I’ve been driving a lot lately. In June, 1,400 miles around New York, Connecticut and Massachusetts. In July, 1,200 miles from Pismo Beach, Cal. to Ashland, Oregon and back. And you know what? Too many people drive too damn fast.

Whether you’re on an interstate like New York’s I-90 or California’s I-5, on a state route like Connecticut’s 34 or the Golden State’s 41 crossing the Coastal Range, if you obey the speed limit, you’re in a minority.

During my 2,600 miles on the road, I experimented. Five miles over the posted limit, seven, ten. Even at 15 miles over, I had someone crawling up my tailpipe. On I-5 last Sunday, the limit was 70mph, I was going 75; and I was passed at well over 100 by someone in a hurry to get to Los Angeles.

Usually, the speed demons were in SUV’s. For every one I passed, ten passed me.

Grim-faced fanatics with lead feet. But there were also Mercedes and Beemers and a couple pickups pulling boats! I even paced a double rig truck full of freshly-harvested tomatoes at 85! Uphill and down, on mountains and plains – hurrying toward the horizon. Riding your bumper until you speed up or pull over.

Being tailgated at 80 is hard on my digestion. As much as I resented the intimidation and the speeder’s lack of concern for the pair of us, I always pulled into the slower lane. There’s no place I have to be that I need to risk my life in order to get there a few minutes sooner.

"What about the law?" I hear some of you saying. You’re right. The posted speed is the SAFE speed limit. Backed by the force of law. (Which means traffic cops and courts.)

But too many drivers think that the posted limit is for AVERAGE drivers. From what my acquaintances in law enforcement tell me, few of the speeders they ticket consider themselves average. They think they’re exceptional. Thus, the law does not apply to them.

Some have excuses. They’re late, on an urgent errand, the cruise control creeps, the speedometer is unreliable. None of them wants to accept the responsibility for their actions. They even feel victimized that they should get a ticket. "Who, me?"

Yet every year, enough Americans die in auto accidents to fill up a small city.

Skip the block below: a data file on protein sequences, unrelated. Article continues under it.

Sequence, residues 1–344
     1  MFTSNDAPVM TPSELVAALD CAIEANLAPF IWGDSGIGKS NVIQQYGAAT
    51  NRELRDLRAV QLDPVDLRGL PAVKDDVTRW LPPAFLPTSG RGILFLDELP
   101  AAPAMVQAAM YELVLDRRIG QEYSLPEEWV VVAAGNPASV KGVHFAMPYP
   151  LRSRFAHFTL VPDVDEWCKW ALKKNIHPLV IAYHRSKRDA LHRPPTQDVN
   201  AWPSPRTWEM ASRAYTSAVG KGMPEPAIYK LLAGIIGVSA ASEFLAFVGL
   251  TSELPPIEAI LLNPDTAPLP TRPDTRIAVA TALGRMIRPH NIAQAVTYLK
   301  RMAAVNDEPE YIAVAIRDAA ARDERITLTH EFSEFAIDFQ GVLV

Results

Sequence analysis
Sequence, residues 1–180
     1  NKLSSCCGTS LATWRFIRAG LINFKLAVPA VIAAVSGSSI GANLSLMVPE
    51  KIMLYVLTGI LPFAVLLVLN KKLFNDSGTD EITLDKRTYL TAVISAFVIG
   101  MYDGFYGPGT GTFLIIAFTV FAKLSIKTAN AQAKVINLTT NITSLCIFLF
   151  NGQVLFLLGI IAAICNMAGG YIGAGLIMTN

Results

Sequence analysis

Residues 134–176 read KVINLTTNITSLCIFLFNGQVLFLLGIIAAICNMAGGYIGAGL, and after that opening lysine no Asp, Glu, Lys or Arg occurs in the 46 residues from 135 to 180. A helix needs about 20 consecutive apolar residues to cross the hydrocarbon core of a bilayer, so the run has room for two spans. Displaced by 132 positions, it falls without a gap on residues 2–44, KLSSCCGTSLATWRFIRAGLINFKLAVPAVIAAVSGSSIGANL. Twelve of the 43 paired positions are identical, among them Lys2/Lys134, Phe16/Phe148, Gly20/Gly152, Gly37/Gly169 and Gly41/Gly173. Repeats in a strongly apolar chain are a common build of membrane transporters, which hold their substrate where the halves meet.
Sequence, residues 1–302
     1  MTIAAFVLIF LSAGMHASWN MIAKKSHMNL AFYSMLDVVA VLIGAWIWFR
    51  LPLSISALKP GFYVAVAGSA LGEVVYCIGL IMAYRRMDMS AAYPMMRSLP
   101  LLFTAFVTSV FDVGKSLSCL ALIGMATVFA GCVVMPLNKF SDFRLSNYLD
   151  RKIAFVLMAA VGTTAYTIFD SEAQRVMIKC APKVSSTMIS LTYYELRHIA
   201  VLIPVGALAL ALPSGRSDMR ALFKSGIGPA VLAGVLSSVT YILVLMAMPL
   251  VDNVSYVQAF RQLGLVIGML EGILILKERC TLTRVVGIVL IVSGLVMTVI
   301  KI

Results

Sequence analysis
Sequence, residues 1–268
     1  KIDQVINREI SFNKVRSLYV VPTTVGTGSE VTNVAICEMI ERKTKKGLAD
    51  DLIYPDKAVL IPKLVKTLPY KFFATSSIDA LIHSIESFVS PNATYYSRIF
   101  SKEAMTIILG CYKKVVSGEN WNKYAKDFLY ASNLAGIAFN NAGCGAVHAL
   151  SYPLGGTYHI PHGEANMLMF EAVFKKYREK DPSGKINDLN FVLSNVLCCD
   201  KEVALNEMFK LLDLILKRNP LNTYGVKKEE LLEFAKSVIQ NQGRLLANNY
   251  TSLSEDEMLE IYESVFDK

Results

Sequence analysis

Why do these speeders see no connection between their gas pedal and the climate of speed limit scofflawry which leads to the bloody carnage across our nation?

Once, the major highways through Galesburg were 150 and 34 – one narrow lane of concrete in each direction all the way from Sandburg City to Peoria, the Quad Cities or Chicago. AAA maps timed mileage on such roads at an average of 45 mph.

But in the 1950s, the Eisenhower Administration began building superhighways. The rationale was the quick movement of military forces and materiel in an age of aerial atomic threat. But like Hitler’s autobahn in World War 2, civilians could use these highways, too. Especially interstate trucks. So U.S. railroads suffered; passenger travel all but ended within a decade. Branch lines were closed. The auto industry built cars (and trucks) with the long haul in mind. Bigger, more powerful engines for sustained high speeds. Tires that could stand the wear and heat created by friction. Gasolines that burned cleaner and with more power. Better steering and brakes. Radiator coolant instead of water. Radios and air conditioning.

Soon, freeway standards were being applied to the building (and driving) of state roads – even city streets. Suburbs exploded. Unfortunately, so did the attitude that your car is your mobile castle. How it looks and how fast you can move it became matters of ego.

We now have cars that can cruise with ease at 80mph – but do we really need to? What’s more, are most of us capable of reacting well at that speed? Can we overcome our self-centeredness, our sense of ego, our animal competitiveness in the cause of a greater good?

These are not metaphorical questions.

They’re reality on our highways. They’re also a matter of life and death!